A North Carolina man who won $10 million on a scratch ticket five years ago will spend the rest of his life behind bars in the fatal shooting of his girlfriend in 2020, a judge ruled last week.
A jury convicted Michael Todd Hill, 54, of first-degree murder on Friday in the 2020 shooting murder of his girlfriend Keonna Graham, 23. He'd pleaded guilty to charges of possession of a firearm by a felon, according to court documents. The jury deliberated for approximately an hour before reaching their verdict.
Brunswick County Judge Joshua Wiley then sentenced Hill to life in prison without the possibility of parole, plus an additional 22 months to 36 months for the firearm charge to run concurrently with his life sentence.
In 2017, Hill, a former nuclear plant worker, made local headlines after winning $10 million on an Ultimate Millions scratch lottery ticket.
“I have a strategy when it comes to scratching,” Hill said at the time, according to a North Carolina Education Lottery press release. “I start with the corners.”
Hill opted to take a $6 million lump sum payment instead of a full $10 million annuity, which would have meant getting 20 yearly payments of $500,000. He cleared upwards of $4.1 million in winnings after federal and state tax withholdings.
“This is life changing,” he added. “Wow! Just wow!”
Three years later, Hill's girlfriend, Graham, was reported missing by her mother on July 20, 2020, according to prosecutors. The 23-year-old woman was eventually found dead — with a bullet wound in the back of her head — in a room at the SureStay Hotel in Shallotte, North Carolina, near the state's southern-most coastal stretch. Hotel surveillance footage showed Hill was the only individual in the room with Graham before her death, and linked him to the young woman’s slaying.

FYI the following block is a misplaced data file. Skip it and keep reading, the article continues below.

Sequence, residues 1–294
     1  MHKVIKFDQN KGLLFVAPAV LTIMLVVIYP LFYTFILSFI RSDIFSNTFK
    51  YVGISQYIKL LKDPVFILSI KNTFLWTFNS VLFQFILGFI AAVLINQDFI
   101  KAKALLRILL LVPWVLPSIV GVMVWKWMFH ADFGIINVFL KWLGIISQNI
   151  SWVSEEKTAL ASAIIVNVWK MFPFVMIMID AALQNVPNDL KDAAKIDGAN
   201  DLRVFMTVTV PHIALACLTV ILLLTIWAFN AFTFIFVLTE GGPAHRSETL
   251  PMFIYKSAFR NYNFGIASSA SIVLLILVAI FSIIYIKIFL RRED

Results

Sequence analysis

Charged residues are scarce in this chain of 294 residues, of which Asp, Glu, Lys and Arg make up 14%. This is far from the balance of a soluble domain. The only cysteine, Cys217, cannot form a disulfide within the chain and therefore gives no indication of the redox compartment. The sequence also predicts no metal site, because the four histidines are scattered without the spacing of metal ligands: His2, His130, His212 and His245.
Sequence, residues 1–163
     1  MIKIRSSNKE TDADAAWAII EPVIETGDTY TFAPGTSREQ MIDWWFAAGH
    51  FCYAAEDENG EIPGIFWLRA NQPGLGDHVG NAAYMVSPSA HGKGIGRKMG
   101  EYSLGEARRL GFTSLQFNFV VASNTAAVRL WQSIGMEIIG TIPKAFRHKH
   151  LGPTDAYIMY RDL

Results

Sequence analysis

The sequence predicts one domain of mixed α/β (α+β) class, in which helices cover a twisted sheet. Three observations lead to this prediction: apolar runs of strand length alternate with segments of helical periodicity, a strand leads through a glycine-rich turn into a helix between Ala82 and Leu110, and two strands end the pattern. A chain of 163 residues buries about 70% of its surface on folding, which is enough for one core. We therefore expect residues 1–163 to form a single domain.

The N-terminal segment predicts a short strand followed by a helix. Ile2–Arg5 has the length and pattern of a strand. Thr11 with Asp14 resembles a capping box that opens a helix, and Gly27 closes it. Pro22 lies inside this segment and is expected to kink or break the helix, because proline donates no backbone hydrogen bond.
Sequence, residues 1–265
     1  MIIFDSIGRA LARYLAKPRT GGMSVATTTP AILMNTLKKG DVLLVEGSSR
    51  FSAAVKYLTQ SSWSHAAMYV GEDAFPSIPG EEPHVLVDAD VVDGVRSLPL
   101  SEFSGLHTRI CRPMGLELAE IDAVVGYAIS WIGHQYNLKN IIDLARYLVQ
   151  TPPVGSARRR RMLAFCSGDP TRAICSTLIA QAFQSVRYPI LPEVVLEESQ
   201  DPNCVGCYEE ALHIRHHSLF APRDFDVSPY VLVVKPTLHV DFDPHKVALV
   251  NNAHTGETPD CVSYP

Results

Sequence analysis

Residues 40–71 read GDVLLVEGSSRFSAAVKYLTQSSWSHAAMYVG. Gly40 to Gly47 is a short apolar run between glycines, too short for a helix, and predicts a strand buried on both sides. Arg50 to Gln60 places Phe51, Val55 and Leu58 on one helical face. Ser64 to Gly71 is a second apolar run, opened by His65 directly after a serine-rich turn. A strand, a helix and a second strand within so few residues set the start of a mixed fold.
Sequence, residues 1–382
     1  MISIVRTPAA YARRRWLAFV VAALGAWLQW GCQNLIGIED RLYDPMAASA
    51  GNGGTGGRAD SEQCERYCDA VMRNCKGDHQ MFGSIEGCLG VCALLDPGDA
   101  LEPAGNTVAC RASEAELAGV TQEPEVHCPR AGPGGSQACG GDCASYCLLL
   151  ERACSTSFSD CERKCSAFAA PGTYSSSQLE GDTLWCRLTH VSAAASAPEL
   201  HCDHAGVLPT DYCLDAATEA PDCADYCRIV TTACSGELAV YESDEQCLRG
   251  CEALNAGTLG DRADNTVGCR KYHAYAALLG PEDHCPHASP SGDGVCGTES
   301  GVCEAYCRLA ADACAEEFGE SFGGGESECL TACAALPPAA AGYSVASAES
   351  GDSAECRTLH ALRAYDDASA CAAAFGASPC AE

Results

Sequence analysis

Following Hill’s arrest in nearby Southport, North Carolina, police say he admitted to shooting his girlfriend after he caught her texting other men while they were at the hotel. The pair had been involved in a romantic relationship for roughly a year and a half prior to the killing. Hill was indicted by a grand jury in October 2020, according to documents obtained by Oxygen.com.
Graham was from the small town of Navassa — just 30 miles northeast of where she was killed, outside Wilmington — according to her obituary. She was employed as a prison correctional officer at the time of her death and had previously worked for a program which assisted individuals with mental disabilities.
“Michael Hill joins a long list of former lottery winners whose life veered towards a dark place after he won big,” District Attorney Jon David said in a statement sent to Oxygen.com on Wednesday afternoon. “One of the common threads among many lottery winners is that they know how to spend money, but not earn it."
"After the windfall runs out the people who the winner attracted with a lavish lifestyle begin to drift away," he added. "In its place we see envy, jealousy, and resentment. This can lead to desperate behavior, including murder.”
“The District Attorney’s Office would like to thank our local law enforcement agencies for their collaborative efforts in the investigation of Graham’s death,” Assistant District Attorney Shirley Smircic said in a press release. “The hard work of these officers ensured a just result in this case.”
Hill’s defense attorney, Michael Ramos, wasn’t immediately available for comment when contacted by Oxygen.com on Wednesday.